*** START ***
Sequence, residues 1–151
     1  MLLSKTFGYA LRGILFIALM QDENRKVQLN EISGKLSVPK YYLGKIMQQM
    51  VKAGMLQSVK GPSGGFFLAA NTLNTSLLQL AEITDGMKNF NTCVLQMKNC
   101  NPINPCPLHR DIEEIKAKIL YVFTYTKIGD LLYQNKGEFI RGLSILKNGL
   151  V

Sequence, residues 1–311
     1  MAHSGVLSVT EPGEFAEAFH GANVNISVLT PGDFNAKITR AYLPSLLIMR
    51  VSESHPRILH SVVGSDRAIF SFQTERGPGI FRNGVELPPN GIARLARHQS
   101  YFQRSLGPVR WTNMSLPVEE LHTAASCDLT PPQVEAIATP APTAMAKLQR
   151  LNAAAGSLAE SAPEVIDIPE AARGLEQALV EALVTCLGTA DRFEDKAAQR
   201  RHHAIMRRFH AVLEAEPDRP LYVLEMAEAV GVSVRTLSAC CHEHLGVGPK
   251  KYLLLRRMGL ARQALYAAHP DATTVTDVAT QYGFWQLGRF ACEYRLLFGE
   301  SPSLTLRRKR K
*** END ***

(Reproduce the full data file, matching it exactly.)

Sequence, residues 1–151
     1  MLLSKTFGYA LRGILFIALM QDENRKVQLN EISGKLSVPK YYLGKIMQQM
    51  VKAGMLQSVK GPSGGFFLAA NTLNTSLLQL AEITDGMKNF NTCVLQMKNC
   101  NPINPCPLHR DIEEIKAKIL YVFTYTKIGD LLYQNKGEFI RGLSILKNGL
   151  V

Sequence, residues 1–311
     1  MAHSGVLSVT EPGEFAEAFH GANVNISVLT PGDFNAKITR AYLPSLLIMR
    51  VSESHPRILH SVVGSDRAIF SFQTERGPGI FRNGVELPPN GIARLARHQS
   101  YFQRSLGPVR WTNMSLPVEE LHTAASCDLT PPQVEAIATP APTAMAKLQR
   151  LNAAAGSLAE SAPEVIDIPE AARGLEQALV EALVTCLGTA DRFEDKAAQR
   201  RHHAIMRRFH AVLEAEPDRP LYVLEMAEAV GVSVRTLSAC CHEHLGVGPK
   251  KYLLLRRMGL ARQALYAAHP DATTVTDVAT QYGFWQLGRF ACEYRLLFGE
   301  SPSLTLRRKR K